After all, we stopped a driver who was going to Murgab on the next day. After the long bargaining we reduced the price from 200 to 120 somonis per person and made a deal to start at 4 AM. We had to spend a night in Murgab then and had two options: a more expensive hotel and the guesthouse called Mansur Tulfabek, 20 somonis per person (shower is 10 somonis per person).
The electric blackouts are frequent in Murgab, and the owner of the guesthouse installed solar panels. In addition, all of a sudden the toilet turned out to be European (this was incredible after a week in Pamir). In the guesthouse, we also meet the guide and driver Alim who was showing Pamir to a Swiss couple. Even though we tell about travelling on a budget, we will mention his contacts for those who can afford it (+992935007689. firstname.lastname@example.org). Alim graduated in tourism and has been working since 2005.
Transport to Osh.
In the evening, our driver called and asked for money to take on fuel in the evening, since the trip was supposed to start at 4 AM. We were not sure about it and refused, he then agreed that he would pay for the fuel before the trip then. As the owner of the guesthouse explained to us, this is a usual practice to ask for money for the gasoline in advance to guarantee that the tourists will not change their mind and find the cheaper option. He and other employees of the hostel also agreed that 120 somonis is a very good price.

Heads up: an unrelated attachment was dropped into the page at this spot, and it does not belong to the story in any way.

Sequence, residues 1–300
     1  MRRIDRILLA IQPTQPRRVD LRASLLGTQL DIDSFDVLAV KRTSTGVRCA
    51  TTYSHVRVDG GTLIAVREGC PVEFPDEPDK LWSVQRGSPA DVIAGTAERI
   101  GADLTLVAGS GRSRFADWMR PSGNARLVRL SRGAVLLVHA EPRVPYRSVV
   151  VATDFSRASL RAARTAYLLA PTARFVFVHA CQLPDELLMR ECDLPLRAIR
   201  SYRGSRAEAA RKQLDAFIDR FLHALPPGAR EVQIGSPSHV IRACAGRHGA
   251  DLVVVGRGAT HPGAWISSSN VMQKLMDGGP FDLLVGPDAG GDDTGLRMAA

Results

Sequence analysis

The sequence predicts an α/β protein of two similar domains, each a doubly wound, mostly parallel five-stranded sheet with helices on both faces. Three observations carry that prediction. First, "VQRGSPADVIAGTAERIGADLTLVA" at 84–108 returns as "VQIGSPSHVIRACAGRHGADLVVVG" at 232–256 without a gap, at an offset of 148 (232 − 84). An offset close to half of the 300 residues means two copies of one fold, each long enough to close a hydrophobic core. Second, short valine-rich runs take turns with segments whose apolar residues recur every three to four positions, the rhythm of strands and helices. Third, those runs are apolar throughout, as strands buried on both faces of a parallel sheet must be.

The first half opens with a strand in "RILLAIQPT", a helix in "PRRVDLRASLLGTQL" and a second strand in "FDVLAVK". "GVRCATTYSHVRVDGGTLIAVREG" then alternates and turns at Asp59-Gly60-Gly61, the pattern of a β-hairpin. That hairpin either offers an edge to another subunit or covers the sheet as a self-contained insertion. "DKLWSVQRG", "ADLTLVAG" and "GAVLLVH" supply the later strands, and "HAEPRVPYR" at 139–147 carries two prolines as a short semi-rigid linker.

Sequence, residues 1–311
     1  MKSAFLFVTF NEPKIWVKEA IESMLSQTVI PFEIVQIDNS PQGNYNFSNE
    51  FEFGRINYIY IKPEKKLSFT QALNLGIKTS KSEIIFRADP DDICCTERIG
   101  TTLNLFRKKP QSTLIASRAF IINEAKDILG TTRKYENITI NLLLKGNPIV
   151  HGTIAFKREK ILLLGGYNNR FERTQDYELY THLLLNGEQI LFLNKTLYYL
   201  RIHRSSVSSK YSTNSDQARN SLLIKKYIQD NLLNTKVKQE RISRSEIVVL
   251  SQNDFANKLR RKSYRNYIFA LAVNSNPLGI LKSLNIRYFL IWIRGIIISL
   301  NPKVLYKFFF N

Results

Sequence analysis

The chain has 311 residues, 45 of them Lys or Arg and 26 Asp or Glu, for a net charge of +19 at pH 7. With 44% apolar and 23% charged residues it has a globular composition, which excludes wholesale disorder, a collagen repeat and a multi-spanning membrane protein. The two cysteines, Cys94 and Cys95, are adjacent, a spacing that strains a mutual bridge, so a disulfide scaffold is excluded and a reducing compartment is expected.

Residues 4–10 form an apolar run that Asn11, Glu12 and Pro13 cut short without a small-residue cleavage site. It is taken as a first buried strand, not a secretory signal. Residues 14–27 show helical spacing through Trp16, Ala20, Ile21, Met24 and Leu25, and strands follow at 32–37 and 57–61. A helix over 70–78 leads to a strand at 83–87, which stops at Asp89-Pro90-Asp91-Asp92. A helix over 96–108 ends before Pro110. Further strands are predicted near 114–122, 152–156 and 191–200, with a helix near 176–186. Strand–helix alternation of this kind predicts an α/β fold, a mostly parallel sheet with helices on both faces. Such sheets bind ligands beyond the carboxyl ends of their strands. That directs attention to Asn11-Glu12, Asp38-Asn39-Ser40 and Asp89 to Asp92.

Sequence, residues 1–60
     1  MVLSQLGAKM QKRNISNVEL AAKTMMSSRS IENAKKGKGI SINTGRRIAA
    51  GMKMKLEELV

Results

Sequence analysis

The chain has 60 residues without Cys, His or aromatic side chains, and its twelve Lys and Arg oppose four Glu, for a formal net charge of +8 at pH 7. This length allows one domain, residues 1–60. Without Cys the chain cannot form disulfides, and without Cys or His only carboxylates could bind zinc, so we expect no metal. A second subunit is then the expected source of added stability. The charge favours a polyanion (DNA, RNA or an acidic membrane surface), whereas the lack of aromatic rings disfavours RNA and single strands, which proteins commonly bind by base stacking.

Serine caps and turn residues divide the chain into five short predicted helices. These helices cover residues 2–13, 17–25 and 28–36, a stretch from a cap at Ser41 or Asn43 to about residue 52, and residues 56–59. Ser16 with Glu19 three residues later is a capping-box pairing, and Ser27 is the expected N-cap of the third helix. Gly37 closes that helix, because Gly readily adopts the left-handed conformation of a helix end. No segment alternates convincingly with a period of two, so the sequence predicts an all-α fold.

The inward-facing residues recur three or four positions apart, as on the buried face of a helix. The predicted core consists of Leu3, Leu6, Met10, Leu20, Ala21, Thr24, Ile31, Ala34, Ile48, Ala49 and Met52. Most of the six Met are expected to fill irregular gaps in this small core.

We started to Osh with the sunrise: the distance to cover was 400 kilometers. The landscapes continued to amaze us, and, compared to Alichur-Murgab road, this road seemed to be a highway.
We crossed the highest point of this part of road AK-Baital pass – (4655 meters).
We also saw the famous lake Karakul, 4 kilometres above the sea level.
In addition to us, the driver was also giving a ride to his neighbour, an elderly man. At some point of time we stopped so that the man could say his prayers.
Crossing Tajik-Kyrgyz border.